The Parliamentary Joint Standing Committee on Foreign Affairs, Defence and Trade (JSCFADT) last week tabled its report on ‘Supporting Democracy in our region’, which was based on 58 submissions from a wide range of stakeholders, including media organisations, academics, professional bodies and advocacy groups.
ACFID made submissions to the inquiry: two senior ACFID personnel made an in-person representation in March this year, following a written submission in December 2022.
ACFID welcomes the report and all of its recommendations. In particular, ACFID’s suggestions are reflected in Recommendations 7 and 8, which call on the Australian Government to establish a Civil Society Organisation (CSO) Hub in DFAT, and to channel aid funding (Official Development Assistance, or ODA) through civil society organisations, including NGOs operating on the ground.
ACFID stands by its call for Government to commit to the Grand Bargain, which calls for at least 25 percent of ODA to be funded towards or through civil society.
“With only half of the population in the Indo-Pacific living in a democracy, and the rise in authoritarianism, populism and disinformation driving threats to civic space, it has never been more important for the Australian Government to recognise that supporting CSOs in our region can help reverse existing trends of illiberalism and backsliding democratic norms,” said ACFID CEO, Marc Purcell.
“This report and its recommendations are a good start,” he said.
ACFID also welcomes the Committee’s recommendations that call on the government to invest in strengthening country partnerships with the Australian Electoral Commission, and to provide a media support program. The sector also appreciates recommendations to build on climate adaptation measures and efforts to support gender equality across the Indo-Pacific.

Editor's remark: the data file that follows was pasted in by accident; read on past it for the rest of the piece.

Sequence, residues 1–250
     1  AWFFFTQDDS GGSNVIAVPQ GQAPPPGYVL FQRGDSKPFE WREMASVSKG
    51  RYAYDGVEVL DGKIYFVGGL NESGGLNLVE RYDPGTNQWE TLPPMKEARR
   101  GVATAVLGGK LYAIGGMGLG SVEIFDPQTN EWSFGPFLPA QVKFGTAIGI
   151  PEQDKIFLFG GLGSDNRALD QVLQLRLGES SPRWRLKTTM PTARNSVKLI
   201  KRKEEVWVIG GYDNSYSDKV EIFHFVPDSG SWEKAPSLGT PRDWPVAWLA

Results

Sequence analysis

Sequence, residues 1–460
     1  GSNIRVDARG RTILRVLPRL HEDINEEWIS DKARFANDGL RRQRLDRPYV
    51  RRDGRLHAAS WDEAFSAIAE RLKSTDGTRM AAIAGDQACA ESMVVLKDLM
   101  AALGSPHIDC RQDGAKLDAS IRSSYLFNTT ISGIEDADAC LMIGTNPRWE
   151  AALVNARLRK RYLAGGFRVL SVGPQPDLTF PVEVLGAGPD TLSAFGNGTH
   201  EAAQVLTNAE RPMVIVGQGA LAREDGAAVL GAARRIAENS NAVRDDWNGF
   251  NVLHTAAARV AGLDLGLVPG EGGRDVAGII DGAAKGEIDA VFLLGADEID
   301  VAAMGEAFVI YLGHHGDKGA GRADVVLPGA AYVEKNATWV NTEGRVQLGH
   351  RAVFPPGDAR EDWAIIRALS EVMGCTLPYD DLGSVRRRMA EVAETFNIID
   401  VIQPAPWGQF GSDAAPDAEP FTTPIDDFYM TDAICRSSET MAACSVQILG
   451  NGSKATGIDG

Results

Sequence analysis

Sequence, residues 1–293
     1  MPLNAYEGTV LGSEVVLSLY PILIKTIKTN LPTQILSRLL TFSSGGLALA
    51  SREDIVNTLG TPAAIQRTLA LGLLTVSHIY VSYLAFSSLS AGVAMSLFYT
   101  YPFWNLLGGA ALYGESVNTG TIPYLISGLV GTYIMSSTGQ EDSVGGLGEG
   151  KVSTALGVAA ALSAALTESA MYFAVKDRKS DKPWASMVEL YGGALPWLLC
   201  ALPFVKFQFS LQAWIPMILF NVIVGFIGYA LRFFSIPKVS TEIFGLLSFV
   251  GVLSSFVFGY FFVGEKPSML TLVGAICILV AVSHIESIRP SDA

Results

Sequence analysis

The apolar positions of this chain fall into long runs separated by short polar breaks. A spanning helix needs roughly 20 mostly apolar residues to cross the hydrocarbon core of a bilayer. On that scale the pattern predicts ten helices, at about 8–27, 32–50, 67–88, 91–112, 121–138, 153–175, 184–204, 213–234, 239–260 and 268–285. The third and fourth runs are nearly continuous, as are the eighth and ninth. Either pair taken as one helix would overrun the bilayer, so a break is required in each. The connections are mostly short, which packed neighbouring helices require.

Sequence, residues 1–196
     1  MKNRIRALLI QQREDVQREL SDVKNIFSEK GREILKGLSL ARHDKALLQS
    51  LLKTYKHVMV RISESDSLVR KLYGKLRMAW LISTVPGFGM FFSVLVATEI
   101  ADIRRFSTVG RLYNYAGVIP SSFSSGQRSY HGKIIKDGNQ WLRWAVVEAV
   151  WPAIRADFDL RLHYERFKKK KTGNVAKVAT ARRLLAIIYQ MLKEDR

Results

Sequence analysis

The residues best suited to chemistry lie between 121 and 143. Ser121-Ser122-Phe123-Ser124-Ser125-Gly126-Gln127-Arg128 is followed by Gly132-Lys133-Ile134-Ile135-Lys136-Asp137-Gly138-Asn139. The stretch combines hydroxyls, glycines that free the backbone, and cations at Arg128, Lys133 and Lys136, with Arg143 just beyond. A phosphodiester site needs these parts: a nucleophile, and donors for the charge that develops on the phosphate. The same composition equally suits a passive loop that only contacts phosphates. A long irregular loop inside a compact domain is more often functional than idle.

“Countries throughout the Pacific have been calling for Australia to increase its investment in climate action, and this report reaffirms the advocacy of the region,” said Mr Purcell.
ACFID supports the Committee’s statement that “boosting funding for Australian CSOs in the region is important in order for these sustainable partnerships to be effective and to thrive.”
“Funding for civil society organisations to deliver on the report’s recommendations is absolutely essential,” said Mr Purcell.
Civil society organisations are vital for democracy to flourish
Civil society groups include any non-government group or organisation aimed at promoting the voices of citizens. These can be neighborhood organisations, farming collectives, faith-based groups, labor unions, co-operatives, environmental groups, activists, community foundations and academia.
They are important in ensuring that citizens have access to power, and have a say in how a state functions, therefore being crucial to upholding and promoting human rights and democratic participation.
ACFID is an ardent supporter of civil society in the region, and believes these groups are foundational to democracy. We are pleased that the JSCFDT inquiry recognises the essential role they play in strengthening democratic processes, while also articulating their “ability to respond rapidly to issues that may arise”.
Without funding that is commensurate with the challenges facing Australia’s region, the Civil Society Partnerships Fund and the Government’s broader resourcing of CSOs across the development program risks becoming ineffective in achieving a safe, prosperous and equal region for all at a time of unprecedented challenges.
“The report shows that the Government is attuned to the need to support civil society in the region,” said Jessica Mackenzie, ACFID’s Chief of Policy and Advocacy.
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